Making tracks: Following the rail trail's lead

The Poolburn Tunnel on the Otago Central Rail Trail. Photo from ODT files.
The Poolburn Tunnel on the Otago Central Rail Trail. Photo from ODT files.
The fame of the Otago Central Rail Trail has well and truly spread, to the extent that it has become a model for tourism industry development. Here Phil Taylor, of the New Zealand Herald, gives a northern perspective on the phenomenon as he searches for lessons for John Key's great New Zealand Bike Trail.

Not so long ago the Maniototo really was the back of beyond.

Despite the endeavours of Grahame Sydney's paintbrush and Peter Jackson's camera, the beauty of the herb-scented, bronze, iron and purple-hued landscape remained a secret shared by a fortunate few.

The Pigroot, from Palmerston through Ranfurly, Omakau and on to Alexandra was the road less travelled - the alternative way to Queenstown.

The rail trail changed that, bringing bikes and dollars and transforming adjacent towns that grew long ago on gold and the railway but had withered in recent decades.

I witnessed the rejuvenation, thanks to regular visits to a family bach in the Ida Valley, a stone's throw from the trail. After the tracks were lifted in 1991, young family members would scour for bolts, railway relics they would hoard like treasure.

Work began on the 150km trail in 1994, and it was officially open in 2000. In its early days you could walk the trail for an hour and not see a soul. Now, it is a rarity for a cyclist not to be in view.

Bed and breakfast establishments sprang up in places where once you couldn't buy a cup of tea. Neglected buildings - pieces of rural history - were restored and purpose-built lodges appeared in places such as Oturehua (one has a heated indoor pool), once known only for its curling and the motorcyclists' midwinter Brass Monkey Rally.

The trail is like a chain, dependent on each link. Cyclists want to stop every few hours for food, drink and to explore places of interest. If there are no facilities in one place, the trail staggers.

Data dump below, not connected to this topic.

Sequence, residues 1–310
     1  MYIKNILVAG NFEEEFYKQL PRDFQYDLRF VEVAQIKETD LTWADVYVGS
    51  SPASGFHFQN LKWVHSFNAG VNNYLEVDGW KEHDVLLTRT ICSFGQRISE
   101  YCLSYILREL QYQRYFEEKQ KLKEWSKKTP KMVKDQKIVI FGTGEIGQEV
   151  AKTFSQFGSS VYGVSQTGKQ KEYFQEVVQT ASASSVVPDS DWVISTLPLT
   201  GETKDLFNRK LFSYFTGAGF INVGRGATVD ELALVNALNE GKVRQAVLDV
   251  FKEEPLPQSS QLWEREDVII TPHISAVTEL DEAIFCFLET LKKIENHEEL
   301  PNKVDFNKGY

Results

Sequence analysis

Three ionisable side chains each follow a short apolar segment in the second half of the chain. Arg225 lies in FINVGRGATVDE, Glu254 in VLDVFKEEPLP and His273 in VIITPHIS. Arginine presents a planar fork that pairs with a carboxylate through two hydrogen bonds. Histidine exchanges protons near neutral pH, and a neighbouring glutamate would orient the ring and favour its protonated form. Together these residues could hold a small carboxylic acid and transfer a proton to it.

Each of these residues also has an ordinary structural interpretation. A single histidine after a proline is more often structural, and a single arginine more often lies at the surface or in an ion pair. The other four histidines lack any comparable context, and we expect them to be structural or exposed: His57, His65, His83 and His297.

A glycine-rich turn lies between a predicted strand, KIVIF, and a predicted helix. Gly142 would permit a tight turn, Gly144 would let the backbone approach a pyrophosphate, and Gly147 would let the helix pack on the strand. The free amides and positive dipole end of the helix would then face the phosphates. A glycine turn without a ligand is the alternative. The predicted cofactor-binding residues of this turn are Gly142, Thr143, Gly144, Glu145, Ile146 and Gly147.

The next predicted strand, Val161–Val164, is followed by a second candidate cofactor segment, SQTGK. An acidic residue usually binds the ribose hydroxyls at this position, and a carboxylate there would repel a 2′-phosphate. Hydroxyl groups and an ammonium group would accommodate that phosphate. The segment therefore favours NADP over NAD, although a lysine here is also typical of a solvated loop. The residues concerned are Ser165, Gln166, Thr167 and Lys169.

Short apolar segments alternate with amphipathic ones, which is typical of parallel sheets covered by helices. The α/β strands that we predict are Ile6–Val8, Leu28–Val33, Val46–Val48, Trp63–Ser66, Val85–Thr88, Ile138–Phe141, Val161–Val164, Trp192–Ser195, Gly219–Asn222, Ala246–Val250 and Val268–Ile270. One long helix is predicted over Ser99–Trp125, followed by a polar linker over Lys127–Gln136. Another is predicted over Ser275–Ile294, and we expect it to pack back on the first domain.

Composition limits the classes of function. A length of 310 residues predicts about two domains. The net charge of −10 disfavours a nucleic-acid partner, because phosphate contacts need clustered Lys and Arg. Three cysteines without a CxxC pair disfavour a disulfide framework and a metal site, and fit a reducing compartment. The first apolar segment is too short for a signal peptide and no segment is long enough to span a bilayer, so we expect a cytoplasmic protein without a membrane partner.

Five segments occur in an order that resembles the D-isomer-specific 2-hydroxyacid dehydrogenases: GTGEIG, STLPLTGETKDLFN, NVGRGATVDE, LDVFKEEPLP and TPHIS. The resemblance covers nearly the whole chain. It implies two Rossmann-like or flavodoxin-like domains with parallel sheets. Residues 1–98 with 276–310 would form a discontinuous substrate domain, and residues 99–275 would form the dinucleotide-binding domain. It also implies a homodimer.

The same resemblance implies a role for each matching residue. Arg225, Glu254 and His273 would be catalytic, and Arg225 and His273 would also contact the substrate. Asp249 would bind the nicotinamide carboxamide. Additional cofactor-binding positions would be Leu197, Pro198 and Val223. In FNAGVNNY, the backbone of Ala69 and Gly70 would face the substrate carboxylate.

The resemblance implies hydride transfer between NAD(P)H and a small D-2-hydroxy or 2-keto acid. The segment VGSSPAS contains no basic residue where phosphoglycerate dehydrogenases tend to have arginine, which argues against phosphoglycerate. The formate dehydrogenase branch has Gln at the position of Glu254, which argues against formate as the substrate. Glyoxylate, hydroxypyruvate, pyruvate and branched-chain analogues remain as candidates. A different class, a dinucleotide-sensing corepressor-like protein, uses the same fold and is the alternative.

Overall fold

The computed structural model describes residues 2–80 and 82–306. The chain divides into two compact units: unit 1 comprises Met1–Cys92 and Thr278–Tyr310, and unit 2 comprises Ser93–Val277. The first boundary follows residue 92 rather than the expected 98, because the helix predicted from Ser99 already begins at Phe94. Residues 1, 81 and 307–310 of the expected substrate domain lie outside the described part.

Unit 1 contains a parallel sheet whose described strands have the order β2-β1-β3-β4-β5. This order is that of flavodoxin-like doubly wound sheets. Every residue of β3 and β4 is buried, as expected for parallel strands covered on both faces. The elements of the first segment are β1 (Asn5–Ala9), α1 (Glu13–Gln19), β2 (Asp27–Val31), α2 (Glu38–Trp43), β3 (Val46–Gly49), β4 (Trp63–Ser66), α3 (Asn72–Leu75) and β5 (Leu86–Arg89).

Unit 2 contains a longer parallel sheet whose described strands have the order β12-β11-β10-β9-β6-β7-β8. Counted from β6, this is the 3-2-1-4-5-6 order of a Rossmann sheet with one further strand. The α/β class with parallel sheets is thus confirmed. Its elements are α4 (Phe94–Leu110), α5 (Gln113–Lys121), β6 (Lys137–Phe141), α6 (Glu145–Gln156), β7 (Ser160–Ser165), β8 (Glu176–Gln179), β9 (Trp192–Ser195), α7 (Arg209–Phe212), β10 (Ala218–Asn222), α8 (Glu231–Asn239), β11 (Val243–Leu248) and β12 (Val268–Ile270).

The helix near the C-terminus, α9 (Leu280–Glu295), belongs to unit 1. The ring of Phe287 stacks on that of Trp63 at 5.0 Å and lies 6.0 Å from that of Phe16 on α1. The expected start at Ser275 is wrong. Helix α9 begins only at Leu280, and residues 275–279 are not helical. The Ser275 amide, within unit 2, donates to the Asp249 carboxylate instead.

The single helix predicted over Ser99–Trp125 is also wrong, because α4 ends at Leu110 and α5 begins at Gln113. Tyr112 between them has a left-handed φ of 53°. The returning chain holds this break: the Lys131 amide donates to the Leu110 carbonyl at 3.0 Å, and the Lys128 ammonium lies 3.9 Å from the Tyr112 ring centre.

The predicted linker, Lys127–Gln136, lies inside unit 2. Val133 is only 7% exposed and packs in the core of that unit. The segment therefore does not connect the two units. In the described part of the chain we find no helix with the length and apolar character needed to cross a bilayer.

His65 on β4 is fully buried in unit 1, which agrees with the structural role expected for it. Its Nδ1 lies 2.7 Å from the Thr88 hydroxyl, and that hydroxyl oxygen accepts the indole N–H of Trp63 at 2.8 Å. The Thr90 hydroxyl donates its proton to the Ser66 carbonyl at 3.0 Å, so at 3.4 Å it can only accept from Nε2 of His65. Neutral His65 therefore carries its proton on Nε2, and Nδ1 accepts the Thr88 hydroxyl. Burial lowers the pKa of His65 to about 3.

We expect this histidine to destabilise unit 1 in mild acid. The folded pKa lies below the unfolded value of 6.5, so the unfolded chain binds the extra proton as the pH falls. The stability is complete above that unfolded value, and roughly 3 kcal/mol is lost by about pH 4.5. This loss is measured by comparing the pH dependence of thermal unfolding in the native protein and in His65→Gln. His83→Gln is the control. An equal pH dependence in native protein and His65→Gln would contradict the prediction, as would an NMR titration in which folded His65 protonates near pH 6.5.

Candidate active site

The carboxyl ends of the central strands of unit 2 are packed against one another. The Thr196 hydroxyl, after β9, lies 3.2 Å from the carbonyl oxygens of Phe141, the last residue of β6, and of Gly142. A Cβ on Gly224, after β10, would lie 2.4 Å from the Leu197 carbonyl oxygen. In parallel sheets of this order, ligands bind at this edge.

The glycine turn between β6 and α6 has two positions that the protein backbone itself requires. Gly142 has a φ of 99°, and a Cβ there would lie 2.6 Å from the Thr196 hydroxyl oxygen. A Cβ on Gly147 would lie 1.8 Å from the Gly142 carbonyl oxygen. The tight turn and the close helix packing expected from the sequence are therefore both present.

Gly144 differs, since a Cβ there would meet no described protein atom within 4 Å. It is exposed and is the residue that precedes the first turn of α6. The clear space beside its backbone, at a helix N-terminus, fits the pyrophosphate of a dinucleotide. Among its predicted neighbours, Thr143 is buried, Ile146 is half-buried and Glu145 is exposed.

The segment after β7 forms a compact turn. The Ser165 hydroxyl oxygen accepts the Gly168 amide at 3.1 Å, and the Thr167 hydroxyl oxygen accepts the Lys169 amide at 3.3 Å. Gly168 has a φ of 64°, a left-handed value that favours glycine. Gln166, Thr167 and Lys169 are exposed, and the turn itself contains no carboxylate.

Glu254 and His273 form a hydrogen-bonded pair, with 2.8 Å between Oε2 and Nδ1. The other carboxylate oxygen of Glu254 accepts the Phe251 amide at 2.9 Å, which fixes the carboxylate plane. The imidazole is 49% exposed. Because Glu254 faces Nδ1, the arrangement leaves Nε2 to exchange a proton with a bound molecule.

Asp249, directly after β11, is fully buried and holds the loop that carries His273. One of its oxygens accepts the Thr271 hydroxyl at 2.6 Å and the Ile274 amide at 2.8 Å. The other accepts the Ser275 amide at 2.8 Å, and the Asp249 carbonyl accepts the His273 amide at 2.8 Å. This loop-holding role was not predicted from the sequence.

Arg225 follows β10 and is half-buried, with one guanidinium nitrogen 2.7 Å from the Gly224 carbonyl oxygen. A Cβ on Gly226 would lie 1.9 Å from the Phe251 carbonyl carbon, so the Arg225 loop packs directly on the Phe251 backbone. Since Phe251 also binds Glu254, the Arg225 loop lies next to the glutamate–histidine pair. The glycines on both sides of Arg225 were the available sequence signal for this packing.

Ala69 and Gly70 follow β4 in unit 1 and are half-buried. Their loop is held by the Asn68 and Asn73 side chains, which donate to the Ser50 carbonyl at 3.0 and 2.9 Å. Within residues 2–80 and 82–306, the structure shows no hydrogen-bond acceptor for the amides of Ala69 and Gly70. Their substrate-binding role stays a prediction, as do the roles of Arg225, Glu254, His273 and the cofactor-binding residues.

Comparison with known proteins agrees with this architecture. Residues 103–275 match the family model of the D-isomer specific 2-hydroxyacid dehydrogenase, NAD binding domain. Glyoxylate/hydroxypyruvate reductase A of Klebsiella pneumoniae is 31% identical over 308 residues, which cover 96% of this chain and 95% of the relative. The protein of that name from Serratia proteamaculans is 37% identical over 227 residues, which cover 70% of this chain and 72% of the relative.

Take Hyde. Fifteen years ago, sun-beaten and dry as a husk on a cycling trip with a few hardy friends, we were mildly alarmed that there appeared to be no shop or place to get water in the town of Hyde.

There was a shop, as it turned out, but not as we city folk knew it. A young boy playing beside the road informed us that his mother ran a small store, literally from her kitchen fridge.

We bought soft drinks but she wouldn't let us pay for the bottomless cups of tea and biscuits she plied us with as we sat round the kitchen table, or for the telephone call (it was pre-cellphone coverage) one of us needed to make.

They were country people, the sort of New Zealanders it is heartening to reacquaint yourself with, the kind you can still find along the rail trail.

Hyde has become an important link in the trail, not because a politician deemed that a trail was a good idea but because enough people saw potential and took a punt.

That's happened up and down the trail but in Hyde, that person was Ngaire Sutherland.

Sutherland borrowed to restore the town's forgotten Otago Central Hotel, a gem that serves great coffee and meals, provides a lounge of memorabilia and deep armchairs along with accommodation ranging from a boutique cottage, rooms with en suites, to a backpacker dorm and tent sites.

But the trail was not an instant success or a concept immediately embraced.

New Zealand Rail's tracks were on Crown land and when the railways were sold the Central Otago line was abandoned as uneconomic.